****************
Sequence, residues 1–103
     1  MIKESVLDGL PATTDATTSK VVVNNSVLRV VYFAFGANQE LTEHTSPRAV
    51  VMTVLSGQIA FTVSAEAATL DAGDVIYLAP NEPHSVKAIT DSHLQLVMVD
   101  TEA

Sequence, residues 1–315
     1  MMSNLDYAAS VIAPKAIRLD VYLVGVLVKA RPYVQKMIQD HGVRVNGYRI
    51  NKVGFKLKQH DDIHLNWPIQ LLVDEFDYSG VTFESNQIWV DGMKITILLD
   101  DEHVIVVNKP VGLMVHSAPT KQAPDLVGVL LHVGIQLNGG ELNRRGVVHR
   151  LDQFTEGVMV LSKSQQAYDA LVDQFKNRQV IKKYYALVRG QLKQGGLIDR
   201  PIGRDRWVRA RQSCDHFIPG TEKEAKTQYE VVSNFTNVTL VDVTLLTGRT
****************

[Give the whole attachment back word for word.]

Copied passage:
Sequence, residues 1–103
     1  MIKESVLDGL PATTDATTSK VVVNNSVLRV VYFAFGANQE LTEHTSPRAV
    51  VMTVLSGQIA FTVSAEAATL DAGDVIYLAP NEPHSVKAIT DSHLQLVMVD
   101  TEA

Sequence, residues 1–315
     1  MMSNLDYAAS VIAPKAIRLD VYLVGVLVKA RPYVQKMIQD HGVRVNGYRI
    51  NKVGFKLKQH DDIHLNWPIQ LLVDEFDYSG VTFESNQIWV DGMKITILLD
   101  DEHVIVVNKP VGLMVHSAPT KQAPDLVGVL LHVGIQLNGG ELNRRGVVHR
   151  LDQFTEGVMV LSKSQQAYDA LVDQFKNRQV IKKYYALVRG QLKQGGLIDR
   201  PIGRDRWVRA RQSCDHFIPG TEKEAKTQYE VVSNFTNVTL VDVTLLTGRT